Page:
Top Enterprise Security Predictions for 2018
Top Enterprise Security Predictions for 2018
2017 was, well, not exactly the best year for cybersecurity and cyberattacks. In this article, we discuss what 2018 looks to have store.
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2017 delivered a good deal of excitement (as well as massive, massive headaches) in IT security. WannaCry attacked more than 300,000 computers in 150 countries only to be followed by Petya a month later. And the pain extended beyond the enterprise when consumers bore the brunt of one of the most devastating hacks to hit the U.S.: the Equifax breach. The Equifax hack reportedly affected 145.5 million U.S. consumers -- or approximately 44 percent of the U.S. population -- leaving people vulnerable to financial fraud for potentially the rest of their lives.
These were just some of the year’s lowlights, all of which point to a future where nearly every organization is reliant on successful cybersecurity. It can literally mean the difference between a company’s survival and extension. As such, 2018 should be all about advancing enterprise security initiatives, and below are my top predictions to ensure the integrity of systems across the globe.
System Updates Get Renewed Attention
In the wake of 2017’s security disasters, companies have poured money into high-end detection systems, but the problem lies not in the sophistication of the attack these solutions guard against. It’s often far simpler. WannaCry and Petya were able to wreak havoc by merely exploiting Windows vulnerabilities -- vulnerabilities that Microsoft had fixed two months prior to the attacks. All companies had to do to prevent these attacks was to ensure that the critical updates made it to the machines within their networks. It was a cookie-cutter fix.
But, as a recent survey shows, IT teams are overwhelmed. They don’t have the time to execute updates themselves (45 percent), or they lack the requisite skills to develop custom automations (nearly one third). As a result, even the most basic updates can take days, weeks, or months to implement, which poses an incredible risk to companies.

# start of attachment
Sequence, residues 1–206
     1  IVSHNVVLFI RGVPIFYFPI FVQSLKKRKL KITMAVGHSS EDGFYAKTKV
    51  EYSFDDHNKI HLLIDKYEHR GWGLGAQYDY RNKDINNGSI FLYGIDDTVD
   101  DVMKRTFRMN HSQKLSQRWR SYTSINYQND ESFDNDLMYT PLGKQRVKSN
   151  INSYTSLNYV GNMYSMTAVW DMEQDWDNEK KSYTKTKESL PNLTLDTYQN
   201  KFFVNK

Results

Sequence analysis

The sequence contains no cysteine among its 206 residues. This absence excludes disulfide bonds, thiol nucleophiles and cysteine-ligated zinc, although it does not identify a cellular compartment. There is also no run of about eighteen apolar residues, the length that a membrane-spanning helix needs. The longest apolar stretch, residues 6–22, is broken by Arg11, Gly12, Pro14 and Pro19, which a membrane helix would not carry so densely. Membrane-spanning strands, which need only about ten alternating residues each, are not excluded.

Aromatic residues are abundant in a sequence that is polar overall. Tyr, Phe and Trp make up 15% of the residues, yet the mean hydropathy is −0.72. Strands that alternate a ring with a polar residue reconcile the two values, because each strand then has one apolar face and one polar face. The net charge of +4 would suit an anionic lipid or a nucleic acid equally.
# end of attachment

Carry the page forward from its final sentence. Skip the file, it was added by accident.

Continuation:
In 2018, this will no longer be the case. As shocking as it may sound, basic system updates will become "hot" again, at least as far as the enterprise goes. We’re already seeing a lot of investment in re-inventing the routine update. Expect to see more players, new offerings, and enhancements to existing offerings -- all in the spirit of innovation driven by necessity.
AI Elevates Self-Management
2018 will also be the year that artificial intelligence (AI) steps up in the enterprise, helping vendors create the intelligent, self-managing systems that can conquer system update and content distribution woes once and for all.
As AI becomes more mainstream and affordable, companies will apply it to solve some of the biggest issues plaguing IT teams. Self-managing systems will effectively take on higher-level tasks that require critical thought, such as remediation of compromised endpoints. This will help ensure every endpoint is consistently updated while further reducing the burdens on system administrators.
Testing and refining are occurring as you read this. Once concepts are proven at scale, expect new, smart solutions to roll out, and with them, system automation will be taken to a whole new level.
Voice Recognition Demonstrates IT Potential
Perhaps most surprising and exciting, voice recognition will define the new frontier of the user interface. Once the accuracy of voice recognition becomes flawless (we’re currently on the cusp of this), expect it to become the next killer app for the enterprise. This prediction is somewhat dependent on key integrations with AI technologies, but as machine learning and voice work together, systems become much more human-like.
A mouse click will eventually become a thing of the past as IT administrators talk to their systems the way that consumers ask Siri for directions or Alexa to order more paper towels. Once an IT administrator’s voice can be securely authenticated, he or she is no longer tethered to a desktop or laptop. The administrator can then use voice to make commands and fully interact with and maintain systems across the network, anywhere, any time. The implications for this are significant. Consider, for example, when systems falter after business hours. The delay in waiting for IT team members to head back on-premises disappears. Fixes can be made immediately.
This may sound like something in the distant future, but real products are emerging. I’ve tested some myself, which is why I am so enthusiastic about their potential. While 2018 may wind up being a year for early adopters who wish to use voice this way, mainstream adoption will inevitably follow.
As cyberattacks become a way of life and defending against them remains part of the cost of doing business, 2018 promises to be a pivotal year in the security landscape, particularly as the lines between endpoint management and security meld. Automation will take on increasing importance, and we’ll see new technologies, such as voice and AI, rise to bring real innovation to the enterprise in the quest to consistently and efficiently manage, maintain, and defend systems.
Published at DZone with permission of Daniel Okine . See the original article here.
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